—des modifications possibles aux règlements qui permettraient d’engager des enseignantes et enseignants qualifiés pour enseigner en français.

Nous prenons des mesures pour assurer que les écoles aient accès à davantage d’enseignantes et d’enseignants qualifiés.

The Speaker (Hon. Ted Arnott): The supplementary question.

M. Jeremy Roberts: Merci à l’adjoint parlementaire pour sa réponse.

Les étudiants de l’Ontario méritent les ressources nécessaires pour apprendre en français, et les enseignants et enseignantes du français langue seconde sont essentiels pour soutenir la culture franco-ontarienne.

Je sais que l’adjoint parlementaire et le ministre de l’Éducation ont rencontré beaucoup de partenaires francophones afin de trouver des solutions concernant la pénurie d’enseignants de langue française. Est-ce que le ministre peut décrire l’importance de nos partenaires qui ont rendu possible ce plan?

M. Sam Oosterhoff: Merci encore au député d’Ottawa-Ouest–Nepean pour cette question importante. J’ai eu le plaisir d’avoir rencontré beaucoup de représentants d’institutions francophones, tels que les dirigeants de conseils scolaires, les enseignants, les groupes d’intervenants et d’autres qui travaillent de manière très forte afin d’améliorer le système d’éducation en langue française. Je tiens à les remercier pour leurs efforts.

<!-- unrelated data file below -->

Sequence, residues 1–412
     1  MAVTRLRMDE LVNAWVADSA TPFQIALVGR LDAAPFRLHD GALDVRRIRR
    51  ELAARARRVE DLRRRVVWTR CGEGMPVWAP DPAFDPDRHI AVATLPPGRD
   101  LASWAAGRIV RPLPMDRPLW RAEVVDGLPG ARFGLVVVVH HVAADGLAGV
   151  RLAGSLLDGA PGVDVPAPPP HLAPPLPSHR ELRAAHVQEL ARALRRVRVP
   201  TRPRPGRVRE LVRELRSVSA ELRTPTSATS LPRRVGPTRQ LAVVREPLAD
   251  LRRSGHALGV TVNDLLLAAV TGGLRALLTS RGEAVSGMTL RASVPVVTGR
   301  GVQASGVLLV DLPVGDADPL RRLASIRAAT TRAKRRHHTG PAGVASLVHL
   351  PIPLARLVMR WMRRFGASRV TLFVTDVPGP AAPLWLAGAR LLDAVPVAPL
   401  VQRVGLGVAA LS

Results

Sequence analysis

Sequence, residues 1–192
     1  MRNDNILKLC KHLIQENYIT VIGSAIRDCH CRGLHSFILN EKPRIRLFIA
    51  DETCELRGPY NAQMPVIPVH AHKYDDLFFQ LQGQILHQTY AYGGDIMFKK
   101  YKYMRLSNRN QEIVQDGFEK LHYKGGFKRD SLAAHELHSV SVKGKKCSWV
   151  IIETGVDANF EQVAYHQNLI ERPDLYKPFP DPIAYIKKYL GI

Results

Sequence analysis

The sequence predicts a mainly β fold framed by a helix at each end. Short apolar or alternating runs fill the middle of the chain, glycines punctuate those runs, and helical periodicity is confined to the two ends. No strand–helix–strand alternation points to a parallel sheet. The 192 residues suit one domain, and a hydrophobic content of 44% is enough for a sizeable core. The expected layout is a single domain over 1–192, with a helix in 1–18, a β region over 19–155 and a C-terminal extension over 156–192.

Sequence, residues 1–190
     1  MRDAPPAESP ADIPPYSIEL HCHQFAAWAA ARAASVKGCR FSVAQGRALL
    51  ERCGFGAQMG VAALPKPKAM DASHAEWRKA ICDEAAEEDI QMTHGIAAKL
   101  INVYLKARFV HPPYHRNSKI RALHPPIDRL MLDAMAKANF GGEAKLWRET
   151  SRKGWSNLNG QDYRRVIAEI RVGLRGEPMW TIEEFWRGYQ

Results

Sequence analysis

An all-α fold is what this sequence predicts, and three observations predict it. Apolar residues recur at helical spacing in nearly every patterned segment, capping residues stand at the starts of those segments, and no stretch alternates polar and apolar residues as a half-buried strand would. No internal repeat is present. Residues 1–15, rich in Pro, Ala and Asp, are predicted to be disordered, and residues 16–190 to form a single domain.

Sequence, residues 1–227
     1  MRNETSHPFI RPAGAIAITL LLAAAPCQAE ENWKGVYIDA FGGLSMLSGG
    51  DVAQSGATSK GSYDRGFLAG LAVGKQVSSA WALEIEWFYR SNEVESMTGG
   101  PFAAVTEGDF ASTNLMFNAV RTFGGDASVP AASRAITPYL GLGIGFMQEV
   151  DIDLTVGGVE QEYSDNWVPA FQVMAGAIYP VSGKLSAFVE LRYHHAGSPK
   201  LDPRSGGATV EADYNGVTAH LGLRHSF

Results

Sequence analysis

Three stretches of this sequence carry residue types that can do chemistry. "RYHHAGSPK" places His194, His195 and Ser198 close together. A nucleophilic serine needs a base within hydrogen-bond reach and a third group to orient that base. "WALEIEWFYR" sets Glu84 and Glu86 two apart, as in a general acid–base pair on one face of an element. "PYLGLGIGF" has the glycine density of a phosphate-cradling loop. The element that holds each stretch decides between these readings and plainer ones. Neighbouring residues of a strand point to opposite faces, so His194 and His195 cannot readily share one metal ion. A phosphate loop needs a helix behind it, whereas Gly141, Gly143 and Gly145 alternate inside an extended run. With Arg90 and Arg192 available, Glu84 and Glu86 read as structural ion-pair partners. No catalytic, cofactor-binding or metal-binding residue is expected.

Nous formons un partenariat avec l’Université Laurentienne afin de créer un nouveau programme hybride de formation initiale en enseignement. Aussi, nous travaillons actuellement avec l’Université York pour élaborer des activités de sensibilisation pour promouvoir auprès des élèves de 12e année les carrières d’enseignante ou d’enseignant FLS en Ontario.

Nous attendons avec plaisir de poursuivre notre collaboration avec nos estimés groupes d’intervenants pour assurer que tous les élèves de l’Ontario aient accès à une éducation en français de qualité.

Long-term care

Mr. Jeff Burch: My question is to the Premier. This week I heard from Loretta Gibbons, whose brother Gerald and his wife, Lucy, live at a supportive living home in Niagara named Lakeside Terrace. Lakeside Terrace, like other supportive living accommodations across Ontario, is a completely unregulated group home that more often than not has horrific conditions. Gerald and his wife have major health issues, including dementia, and are pensioners on a fixed income.

Loretta sent me a desperate email along with pictures of unliveable conditions. She said that there have been bedbugs for at least a year and the food served to residents is rotten.